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2. Pompilius sanguis,] The Calpurnia gens,' to which the Pisones nged, claimed descent from Calpus, son of Numa Pompilius.

14. ad unguem] See S. i. 5. 32, n.

95. Ingenium misera] The following verses to 308 have little connection what goes before. Horace says, because genius is above art, and all s, according to Democritus, are mad, many neglect their persons and let r nails and their beards grow, affecting insanity. The question about cation and nature in connection with poetry is taken up again at v. 408. are accustomed to subscribe to the doctrine "poeta nascitur, non fit." › ancients were divided on that point, some assigning more to education, ers to natural gifts. Cicero more than once alludes to the opinion of mocritus, that no man could be a poet without inspiration.

00. Si tribus Anticyris] There were three places of this name, each of ch is assumed from this passage to have produced hellebore, a very imbable coincidence. Horace puts tribus' as we might say a dozen, or other indefinite number. (See S. ii. 3. 83.)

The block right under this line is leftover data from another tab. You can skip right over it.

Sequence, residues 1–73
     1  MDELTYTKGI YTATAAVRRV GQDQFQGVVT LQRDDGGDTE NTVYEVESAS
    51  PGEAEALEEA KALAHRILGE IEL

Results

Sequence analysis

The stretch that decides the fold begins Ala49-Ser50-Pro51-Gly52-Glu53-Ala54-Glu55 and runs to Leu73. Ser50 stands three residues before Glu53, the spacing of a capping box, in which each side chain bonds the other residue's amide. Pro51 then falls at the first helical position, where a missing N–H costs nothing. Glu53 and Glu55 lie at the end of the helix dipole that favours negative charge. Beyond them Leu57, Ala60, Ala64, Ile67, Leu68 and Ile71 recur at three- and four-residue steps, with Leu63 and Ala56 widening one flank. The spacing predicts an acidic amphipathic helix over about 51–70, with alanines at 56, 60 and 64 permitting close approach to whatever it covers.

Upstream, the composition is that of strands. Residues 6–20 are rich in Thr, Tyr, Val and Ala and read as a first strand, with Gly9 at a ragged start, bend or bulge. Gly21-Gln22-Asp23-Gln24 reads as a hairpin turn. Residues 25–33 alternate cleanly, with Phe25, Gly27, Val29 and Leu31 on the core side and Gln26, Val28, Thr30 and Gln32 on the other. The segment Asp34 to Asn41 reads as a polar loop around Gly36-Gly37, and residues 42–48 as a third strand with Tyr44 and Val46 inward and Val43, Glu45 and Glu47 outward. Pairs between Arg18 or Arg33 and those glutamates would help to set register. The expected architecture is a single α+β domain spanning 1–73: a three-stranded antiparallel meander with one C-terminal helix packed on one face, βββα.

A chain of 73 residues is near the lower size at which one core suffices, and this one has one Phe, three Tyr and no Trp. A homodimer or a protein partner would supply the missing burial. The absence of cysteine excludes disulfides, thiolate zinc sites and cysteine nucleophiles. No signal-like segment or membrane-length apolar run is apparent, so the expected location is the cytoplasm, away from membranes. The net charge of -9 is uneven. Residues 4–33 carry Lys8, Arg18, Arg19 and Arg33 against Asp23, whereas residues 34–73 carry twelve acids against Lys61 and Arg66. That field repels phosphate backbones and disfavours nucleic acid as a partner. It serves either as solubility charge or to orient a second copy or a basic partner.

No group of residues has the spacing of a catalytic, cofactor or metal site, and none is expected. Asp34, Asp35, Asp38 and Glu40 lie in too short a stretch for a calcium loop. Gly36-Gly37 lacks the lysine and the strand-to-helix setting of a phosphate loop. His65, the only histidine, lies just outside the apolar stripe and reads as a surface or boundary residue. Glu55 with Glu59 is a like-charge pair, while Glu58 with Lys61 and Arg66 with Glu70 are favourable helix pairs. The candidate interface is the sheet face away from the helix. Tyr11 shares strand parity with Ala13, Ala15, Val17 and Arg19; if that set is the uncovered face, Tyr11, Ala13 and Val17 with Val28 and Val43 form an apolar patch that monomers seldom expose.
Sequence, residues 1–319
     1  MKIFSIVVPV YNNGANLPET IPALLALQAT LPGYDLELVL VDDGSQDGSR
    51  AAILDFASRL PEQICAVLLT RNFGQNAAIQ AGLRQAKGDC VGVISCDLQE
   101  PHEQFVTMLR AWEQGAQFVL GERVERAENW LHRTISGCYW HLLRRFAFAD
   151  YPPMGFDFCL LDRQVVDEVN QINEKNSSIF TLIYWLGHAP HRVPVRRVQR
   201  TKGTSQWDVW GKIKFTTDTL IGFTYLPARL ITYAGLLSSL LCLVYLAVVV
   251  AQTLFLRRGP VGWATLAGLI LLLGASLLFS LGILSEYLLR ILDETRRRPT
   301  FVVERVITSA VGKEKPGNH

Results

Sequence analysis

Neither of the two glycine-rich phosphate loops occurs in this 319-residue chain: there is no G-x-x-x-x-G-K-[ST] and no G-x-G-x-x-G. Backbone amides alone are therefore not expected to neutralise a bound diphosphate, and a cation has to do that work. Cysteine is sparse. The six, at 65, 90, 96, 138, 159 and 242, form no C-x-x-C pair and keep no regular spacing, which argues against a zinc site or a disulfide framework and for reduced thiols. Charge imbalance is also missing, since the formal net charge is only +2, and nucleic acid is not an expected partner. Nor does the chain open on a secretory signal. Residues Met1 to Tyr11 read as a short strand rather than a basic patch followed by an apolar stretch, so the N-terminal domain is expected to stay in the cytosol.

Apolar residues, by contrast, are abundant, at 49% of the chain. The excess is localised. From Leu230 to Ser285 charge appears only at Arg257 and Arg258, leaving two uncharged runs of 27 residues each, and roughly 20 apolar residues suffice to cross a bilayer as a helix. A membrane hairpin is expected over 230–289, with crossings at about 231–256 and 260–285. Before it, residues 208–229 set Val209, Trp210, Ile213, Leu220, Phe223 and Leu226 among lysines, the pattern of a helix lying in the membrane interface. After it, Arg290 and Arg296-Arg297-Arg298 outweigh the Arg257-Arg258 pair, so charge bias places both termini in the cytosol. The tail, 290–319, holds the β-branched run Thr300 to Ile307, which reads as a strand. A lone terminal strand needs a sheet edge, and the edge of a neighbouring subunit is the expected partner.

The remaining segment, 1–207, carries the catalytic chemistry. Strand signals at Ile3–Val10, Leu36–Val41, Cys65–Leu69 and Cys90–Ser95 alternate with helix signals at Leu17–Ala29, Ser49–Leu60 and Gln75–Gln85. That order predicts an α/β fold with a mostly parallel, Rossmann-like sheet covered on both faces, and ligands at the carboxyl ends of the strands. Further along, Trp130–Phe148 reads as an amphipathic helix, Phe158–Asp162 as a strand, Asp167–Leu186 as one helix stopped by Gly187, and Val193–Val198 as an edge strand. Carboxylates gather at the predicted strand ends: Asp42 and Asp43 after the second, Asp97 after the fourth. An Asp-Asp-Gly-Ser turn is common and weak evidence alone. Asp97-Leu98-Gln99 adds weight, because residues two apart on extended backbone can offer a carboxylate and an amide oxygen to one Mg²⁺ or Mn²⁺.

01. Tonsori Licino commiserit.] This name was probably that of a wellown barber of the day. (See S. ii. 3. 16. 35, n.)

302. Qui purgor bilem] The hellebore which the ancients used in cases of dness is a violent purgative, and they tried to act on the brain by relieving stomach. Horace says he must be a fool, since madness is essential to etry, for taking medicines to keep his stomach in order.

304. fungar vice cotis,] As to 'vice,' see above, v. 86, and S. i. 10. 12. race says if he only kept the bile from escaping, he would beat them all at etry. However, it does not matter, he goes on; he will act as the grindne which whets the iron, though its own office is not to cut (exsors ipsa candi). This is said to be a proverbial way of speaking.

310. Rem tibi Socraticae - chartae,] The writings of Socrates's disciples, ch as Plato, Xenophon, Æschines, Antisthenes, Aristippus, will supply atter for the true (dramatic) poet, by teaching him the science and duties human life.